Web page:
Eric Owen Moss begins the discussion by proposing a summary of Joe Day’s intentions, and wondering how else he might have realized them. They discuss the title “Blow X Blow” in terms of linguistics and narrative. Day states his interest in reprogramming the space by combining form and new new media art. Day defends the right of people to project their meanings upon the installation, and his freedom to develop a formal logic without any function. This leads to a discussion of the built form of the installation, contrasted with the projected imagery. Moss questions Day on his choice of material, and the two discuss the role of color in the space. Day relates the controlling of a point of view in a cinema to that of a museum and prison, as illustrated by the diagrammatic work displayed on the walls, “Collections and Corrections.” This leads to a discussion of Jean-Paul Sartre’s argument that only prisoners enjoy the ultimate freedom from all responsibilities. They conclude by addressing the idea of scripting, both as a cinematographic tactic and a design tool utilized in the organization of “Blow X Blow.”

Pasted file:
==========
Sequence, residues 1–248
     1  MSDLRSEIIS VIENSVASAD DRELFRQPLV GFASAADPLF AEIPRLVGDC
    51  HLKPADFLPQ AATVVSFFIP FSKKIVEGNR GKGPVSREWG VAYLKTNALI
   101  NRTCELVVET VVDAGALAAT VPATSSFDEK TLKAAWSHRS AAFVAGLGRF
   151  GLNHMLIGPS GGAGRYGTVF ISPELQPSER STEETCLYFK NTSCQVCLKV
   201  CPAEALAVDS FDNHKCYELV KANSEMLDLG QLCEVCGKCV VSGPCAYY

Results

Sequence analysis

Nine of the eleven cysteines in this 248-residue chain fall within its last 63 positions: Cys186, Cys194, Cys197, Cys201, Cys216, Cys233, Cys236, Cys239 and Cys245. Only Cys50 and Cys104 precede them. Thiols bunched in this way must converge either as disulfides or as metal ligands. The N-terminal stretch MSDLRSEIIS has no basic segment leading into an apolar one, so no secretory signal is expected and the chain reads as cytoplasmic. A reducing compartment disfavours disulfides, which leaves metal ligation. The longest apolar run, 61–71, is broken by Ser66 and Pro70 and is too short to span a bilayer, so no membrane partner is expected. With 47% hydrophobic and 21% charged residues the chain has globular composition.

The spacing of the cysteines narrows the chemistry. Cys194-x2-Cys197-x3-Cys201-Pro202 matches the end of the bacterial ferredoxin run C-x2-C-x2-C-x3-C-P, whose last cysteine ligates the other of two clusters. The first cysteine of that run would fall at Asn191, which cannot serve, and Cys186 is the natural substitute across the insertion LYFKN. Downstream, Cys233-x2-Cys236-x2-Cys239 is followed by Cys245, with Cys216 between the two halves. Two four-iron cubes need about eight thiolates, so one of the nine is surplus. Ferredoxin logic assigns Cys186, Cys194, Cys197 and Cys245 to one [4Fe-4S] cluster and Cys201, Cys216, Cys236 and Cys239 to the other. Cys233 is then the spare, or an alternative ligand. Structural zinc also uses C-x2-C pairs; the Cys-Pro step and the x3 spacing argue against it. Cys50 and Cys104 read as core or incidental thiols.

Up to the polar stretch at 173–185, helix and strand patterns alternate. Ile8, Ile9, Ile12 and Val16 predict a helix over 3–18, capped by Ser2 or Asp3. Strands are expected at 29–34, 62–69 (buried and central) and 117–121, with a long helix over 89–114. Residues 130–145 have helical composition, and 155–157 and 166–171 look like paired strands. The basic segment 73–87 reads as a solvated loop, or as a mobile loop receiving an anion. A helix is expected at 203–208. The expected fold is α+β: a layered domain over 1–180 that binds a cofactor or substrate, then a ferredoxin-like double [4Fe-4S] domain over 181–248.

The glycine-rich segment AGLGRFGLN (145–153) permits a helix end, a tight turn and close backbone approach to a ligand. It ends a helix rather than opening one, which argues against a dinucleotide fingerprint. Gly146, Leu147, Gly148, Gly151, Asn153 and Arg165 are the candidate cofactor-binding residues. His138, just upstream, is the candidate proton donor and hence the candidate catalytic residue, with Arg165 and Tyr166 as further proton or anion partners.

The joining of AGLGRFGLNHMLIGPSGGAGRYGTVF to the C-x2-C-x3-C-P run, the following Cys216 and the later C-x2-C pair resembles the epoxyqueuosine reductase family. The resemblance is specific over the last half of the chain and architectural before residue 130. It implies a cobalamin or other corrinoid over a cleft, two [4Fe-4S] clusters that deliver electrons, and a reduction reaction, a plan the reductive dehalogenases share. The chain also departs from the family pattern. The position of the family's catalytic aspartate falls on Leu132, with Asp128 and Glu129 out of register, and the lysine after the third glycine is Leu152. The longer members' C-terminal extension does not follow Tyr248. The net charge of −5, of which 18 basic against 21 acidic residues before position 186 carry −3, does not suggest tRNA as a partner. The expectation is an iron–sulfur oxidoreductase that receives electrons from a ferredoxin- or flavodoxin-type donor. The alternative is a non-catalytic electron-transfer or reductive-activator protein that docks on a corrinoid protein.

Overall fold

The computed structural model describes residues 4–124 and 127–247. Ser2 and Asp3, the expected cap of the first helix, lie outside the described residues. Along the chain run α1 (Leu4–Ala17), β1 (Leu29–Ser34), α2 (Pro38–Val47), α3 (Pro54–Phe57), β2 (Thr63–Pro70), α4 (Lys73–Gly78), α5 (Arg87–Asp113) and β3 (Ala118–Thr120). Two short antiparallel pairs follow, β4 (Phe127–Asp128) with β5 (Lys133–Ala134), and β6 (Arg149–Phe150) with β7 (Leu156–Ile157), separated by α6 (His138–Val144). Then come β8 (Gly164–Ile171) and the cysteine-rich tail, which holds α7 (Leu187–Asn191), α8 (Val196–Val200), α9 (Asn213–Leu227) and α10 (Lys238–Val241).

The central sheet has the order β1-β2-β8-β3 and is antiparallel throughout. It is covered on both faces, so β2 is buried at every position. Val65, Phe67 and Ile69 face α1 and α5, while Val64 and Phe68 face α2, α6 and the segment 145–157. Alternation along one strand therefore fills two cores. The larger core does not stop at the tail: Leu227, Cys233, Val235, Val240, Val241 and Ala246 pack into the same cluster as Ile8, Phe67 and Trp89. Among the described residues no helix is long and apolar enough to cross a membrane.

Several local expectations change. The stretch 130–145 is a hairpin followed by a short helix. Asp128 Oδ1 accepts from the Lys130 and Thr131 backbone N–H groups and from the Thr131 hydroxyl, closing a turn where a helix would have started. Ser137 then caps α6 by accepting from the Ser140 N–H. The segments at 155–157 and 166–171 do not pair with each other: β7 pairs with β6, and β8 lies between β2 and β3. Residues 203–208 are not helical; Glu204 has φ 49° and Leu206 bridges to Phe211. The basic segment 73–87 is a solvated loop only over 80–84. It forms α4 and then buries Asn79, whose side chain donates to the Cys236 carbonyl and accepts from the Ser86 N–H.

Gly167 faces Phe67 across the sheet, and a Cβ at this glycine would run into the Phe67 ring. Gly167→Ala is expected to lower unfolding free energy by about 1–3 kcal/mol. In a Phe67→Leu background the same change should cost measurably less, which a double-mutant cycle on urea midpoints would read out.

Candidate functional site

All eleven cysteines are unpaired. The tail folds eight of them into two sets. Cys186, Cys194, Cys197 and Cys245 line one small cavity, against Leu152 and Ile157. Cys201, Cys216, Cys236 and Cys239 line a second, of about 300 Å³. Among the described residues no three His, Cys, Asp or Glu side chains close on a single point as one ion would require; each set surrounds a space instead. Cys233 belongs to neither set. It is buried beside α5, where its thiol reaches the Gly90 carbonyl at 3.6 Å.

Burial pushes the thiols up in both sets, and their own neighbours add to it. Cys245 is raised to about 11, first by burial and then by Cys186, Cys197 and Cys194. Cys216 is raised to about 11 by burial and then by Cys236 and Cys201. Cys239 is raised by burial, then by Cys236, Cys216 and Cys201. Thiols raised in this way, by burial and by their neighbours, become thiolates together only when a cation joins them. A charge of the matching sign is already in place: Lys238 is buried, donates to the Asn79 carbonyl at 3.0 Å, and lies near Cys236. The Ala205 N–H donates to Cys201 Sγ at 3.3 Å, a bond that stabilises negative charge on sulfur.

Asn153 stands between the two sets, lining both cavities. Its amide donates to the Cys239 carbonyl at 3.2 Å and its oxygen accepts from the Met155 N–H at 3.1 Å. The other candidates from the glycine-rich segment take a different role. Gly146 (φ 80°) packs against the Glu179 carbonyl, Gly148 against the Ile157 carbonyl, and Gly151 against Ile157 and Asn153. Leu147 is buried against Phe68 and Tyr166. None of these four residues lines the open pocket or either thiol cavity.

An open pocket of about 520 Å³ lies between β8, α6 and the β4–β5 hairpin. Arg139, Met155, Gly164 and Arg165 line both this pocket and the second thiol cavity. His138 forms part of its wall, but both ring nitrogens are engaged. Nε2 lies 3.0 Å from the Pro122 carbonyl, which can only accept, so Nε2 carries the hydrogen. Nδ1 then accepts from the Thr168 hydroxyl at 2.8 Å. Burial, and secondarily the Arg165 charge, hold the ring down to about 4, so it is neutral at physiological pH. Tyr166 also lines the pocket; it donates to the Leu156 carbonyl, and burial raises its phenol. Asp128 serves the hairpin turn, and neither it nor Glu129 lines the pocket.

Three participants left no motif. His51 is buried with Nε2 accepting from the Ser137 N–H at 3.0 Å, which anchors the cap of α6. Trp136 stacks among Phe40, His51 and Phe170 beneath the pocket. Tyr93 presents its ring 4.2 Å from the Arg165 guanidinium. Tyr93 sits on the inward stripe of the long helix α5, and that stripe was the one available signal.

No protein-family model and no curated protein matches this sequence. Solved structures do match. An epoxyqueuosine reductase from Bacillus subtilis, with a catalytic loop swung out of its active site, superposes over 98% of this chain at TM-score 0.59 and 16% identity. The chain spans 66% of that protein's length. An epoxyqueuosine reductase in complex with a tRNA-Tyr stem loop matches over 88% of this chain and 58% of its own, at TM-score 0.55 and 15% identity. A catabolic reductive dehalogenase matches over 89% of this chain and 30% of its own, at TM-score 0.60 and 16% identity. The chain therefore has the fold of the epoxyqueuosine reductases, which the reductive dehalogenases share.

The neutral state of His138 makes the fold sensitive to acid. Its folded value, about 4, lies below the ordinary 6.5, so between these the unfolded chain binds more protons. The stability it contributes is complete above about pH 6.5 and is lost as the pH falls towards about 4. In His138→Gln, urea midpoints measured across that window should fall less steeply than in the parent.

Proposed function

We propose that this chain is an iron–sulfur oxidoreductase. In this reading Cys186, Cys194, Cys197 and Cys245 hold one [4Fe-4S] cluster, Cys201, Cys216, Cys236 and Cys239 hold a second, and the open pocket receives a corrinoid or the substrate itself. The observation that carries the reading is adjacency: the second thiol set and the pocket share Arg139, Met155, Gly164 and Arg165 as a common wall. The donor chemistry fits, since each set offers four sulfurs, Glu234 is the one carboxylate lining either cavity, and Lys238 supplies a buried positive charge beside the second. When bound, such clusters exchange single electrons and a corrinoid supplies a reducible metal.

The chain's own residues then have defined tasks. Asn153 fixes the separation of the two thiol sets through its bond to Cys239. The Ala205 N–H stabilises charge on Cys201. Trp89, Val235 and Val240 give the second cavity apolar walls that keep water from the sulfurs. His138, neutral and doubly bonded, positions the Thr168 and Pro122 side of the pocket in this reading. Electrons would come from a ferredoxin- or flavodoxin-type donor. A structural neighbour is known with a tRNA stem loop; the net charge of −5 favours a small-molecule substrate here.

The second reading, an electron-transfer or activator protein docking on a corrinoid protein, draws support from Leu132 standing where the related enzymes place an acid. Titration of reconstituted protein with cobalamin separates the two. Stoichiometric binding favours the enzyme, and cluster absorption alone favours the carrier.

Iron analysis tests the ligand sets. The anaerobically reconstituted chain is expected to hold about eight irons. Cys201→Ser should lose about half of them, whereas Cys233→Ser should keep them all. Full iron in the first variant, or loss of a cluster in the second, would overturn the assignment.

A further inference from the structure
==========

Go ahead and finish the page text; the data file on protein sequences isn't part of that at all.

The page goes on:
Video Archive | Building types (4)
Rudolph begins his lecture by discussing the importance of urbanism and site in his thinking about architecture, focusing on the assembly of parts rather than on issues of style. He describes the transition in architecture away from the traditional hierarchies in building types and toward architecture of multiple usages including the flows and geometries of automotive transportation. He sites examples such as the use of air-space for structures above the expressway along the East River in New York and looks back to classical examples of flexible column spacing to accommodate chariot dimensions.
Silvetti discusses perspective and space as they relate to art and architecture. He stresses the importance of understanding systems of representation of space in their historical context. He quotes Gotthold Ephraim Lessing on the uses of different media, as well as Rosalind Krauss on sculpture in the expanded field. He discusses in detail his project for uniting the public squares of Leonforte, Sicily, pointing out its engagement with perspective.
Analyzing the town of Leonforte, Silvetti found three distinct piazzas. He discusses the building typologies and the original Baroque plan of the town. He found the strong correlation with the surrounding landscape, and determined the main road through the city was misplaced. The scale and proportions of Leonforte informed the design, which used the piazzas as connectors throughout the city. The new forms of the design coincide iconographically with the existing town and especially with the monumental fountain found at the old entrance to the town.